But the most important thing that separates the SCA from every other role-playing society in the world is its emphasis on history, he said. Two American medieval studies graduates from UC Berkeley started the SCA in 1966 when they paraded down Berkeley’s Telegraph Avenue wearing medieval garb and whacking each other with fake weapons.
Since then the SCA expanded into a non-profit organisation that claims tens of thousands of members around the world, and a hierarchy of kings, queens, lords and ladies. It’s medieval history and culture without the religious oppression or the plague.
Lord Rainer Wulfgar said he and many others initially joined the SCA because they were enticed by the chivalry and opportunity to learn medieval combat.
‘We play, we drink’
“It’s the pageantry of it,” he said. “I’ve been doing this for over 14 years. On the weekends I get to play with swords. I go out with my friends, we play, we drink. It’s fun.”
Before the SCA performed their combat demonstration before the curious onlookers, I spoke with Lord Caerthgyn of Dunbeath, real name Cameron Gray, a former tattoo artist and metalsmith with a grizzled beard and bald head. He had been chain-smoking cigarettes and drinking Red Bull in preparation for the demo. As he tightened the leather straps of his steel shin guards and adjusted the rest of his armour—all steel and handmade by him, including a stunning helmet modelled after one used in the Crusades—he said that the SCA can be “like a virus”.
“Every penny you’ve got goes on metal, leather and rivets,” he said. “I enjoy the combat, the honour, the chivalry, the hands-on element to the crafts. I don’t like running around in medieval garb. That’s not me. You know, it’s excellent anger management. You have to control yourself, because somebody out there could get really hurt if you don’t. But when you’re out in there in combat, there’s nothing else like it.”
Lady Rose, a large woman with short, curly brown hair sitting behind the SCA table, said she had been active in the SCA for nine years. Her specialty, she said, is to brew mutton and barley broths and other medieval food when the SCA gets together.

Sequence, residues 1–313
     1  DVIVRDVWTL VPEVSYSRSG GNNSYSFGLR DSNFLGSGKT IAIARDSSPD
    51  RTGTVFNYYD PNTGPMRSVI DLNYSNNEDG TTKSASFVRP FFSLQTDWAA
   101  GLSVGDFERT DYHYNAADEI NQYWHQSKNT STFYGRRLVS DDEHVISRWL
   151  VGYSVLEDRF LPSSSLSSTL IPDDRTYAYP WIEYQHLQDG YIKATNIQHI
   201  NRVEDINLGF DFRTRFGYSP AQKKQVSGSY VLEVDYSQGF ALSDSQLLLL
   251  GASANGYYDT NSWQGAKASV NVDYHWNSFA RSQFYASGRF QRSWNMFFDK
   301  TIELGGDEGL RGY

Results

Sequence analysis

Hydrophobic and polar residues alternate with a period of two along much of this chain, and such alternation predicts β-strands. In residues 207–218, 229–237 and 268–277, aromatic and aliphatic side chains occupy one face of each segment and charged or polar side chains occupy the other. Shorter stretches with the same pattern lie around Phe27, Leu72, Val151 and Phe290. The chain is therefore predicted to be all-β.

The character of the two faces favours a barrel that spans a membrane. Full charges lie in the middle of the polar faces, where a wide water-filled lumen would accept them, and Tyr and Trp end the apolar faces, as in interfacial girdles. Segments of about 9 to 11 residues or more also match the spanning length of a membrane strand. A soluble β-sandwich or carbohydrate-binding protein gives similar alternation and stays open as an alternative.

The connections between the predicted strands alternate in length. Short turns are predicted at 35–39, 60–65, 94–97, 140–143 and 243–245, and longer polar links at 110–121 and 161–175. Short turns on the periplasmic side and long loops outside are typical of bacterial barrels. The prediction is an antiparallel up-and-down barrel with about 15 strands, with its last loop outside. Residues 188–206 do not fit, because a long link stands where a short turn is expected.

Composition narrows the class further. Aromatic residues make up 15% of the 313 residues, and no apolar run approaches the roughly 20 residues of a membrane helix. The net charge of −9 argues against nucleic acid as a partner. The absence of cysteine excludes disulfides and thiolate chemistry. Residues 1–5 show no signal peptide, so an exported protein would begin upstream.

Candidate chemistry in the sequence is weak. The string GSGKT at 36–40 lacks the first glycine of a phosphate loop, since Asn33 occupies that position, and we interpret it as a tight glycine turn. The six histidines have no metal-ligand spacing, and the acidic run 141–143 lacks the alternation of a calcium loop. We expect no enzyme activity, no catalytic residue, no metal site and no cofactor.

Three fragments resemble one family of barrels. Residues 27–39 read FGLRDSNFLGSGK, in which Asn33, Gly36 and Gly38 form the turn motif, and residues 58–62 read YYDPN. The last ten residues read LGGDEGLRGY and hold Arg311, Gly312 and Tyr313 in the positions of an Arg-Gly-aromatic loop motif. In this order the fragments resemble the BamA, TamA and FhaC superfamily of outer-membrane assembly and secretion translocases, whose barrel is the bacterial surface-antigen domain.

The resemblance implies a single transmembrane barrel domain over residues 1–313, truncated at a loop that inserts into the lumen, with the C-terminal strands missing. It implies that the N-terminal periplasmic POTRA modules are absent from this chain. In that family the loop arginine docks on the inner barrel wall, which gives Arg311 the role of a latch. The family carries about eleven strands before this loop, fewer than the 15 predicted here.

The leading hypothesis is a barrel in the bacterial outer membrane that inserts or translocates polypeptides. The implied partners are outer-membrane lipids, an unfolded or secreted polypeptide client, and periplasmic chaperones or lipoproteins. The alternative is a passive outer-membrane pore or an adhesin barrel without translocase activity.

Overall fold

I asked her if others ever made fun of her. She shrugged and looked down. “There are people that point and laugh, but you get used to it. They think it’s weird and strange but ...” she trailed off.
And then, Lady Rose, real-life name Janine Russon, an office administrator for an unnamed company, looked up and unfolded her hand. A small red leather pouch sat in her palm. “I made this,” she said. She smiled. “And I made that,” pointing to a pouch hanging off her husband’s belt. “If you would have told me five years ago I would be doing leatherwork, I wouldn’t have believed you.”
‘Icon gets me hot’
There is a myth that nerds aren’t as horny as the rest of us, that they are all asexual amoebas too busy staring at computer screens to ogle a pair of breasts. I’m not sure where this myth came from, but I realised I was guilty as the rest of society in believing it. I heard one guy mutter, “Icon gets me hot,” as he watched a girl in a corset bend over.
When a woman in a platinum blonde wig and a sexy bee costume walked by a table of men meticulously painting miniature monsters and aliens, one of the men looked up and said, “I can see your bee-hind.” The other guys laughed hysterically and elbowed each other in the ribs. All around me, I noticed, from the T-shirts that read WHAT HAPPENS IN THE HOLODECK STAYS IN THE HOLODECK, to the occasional latex corsets for sale in the exhibition hall, were horny nerds.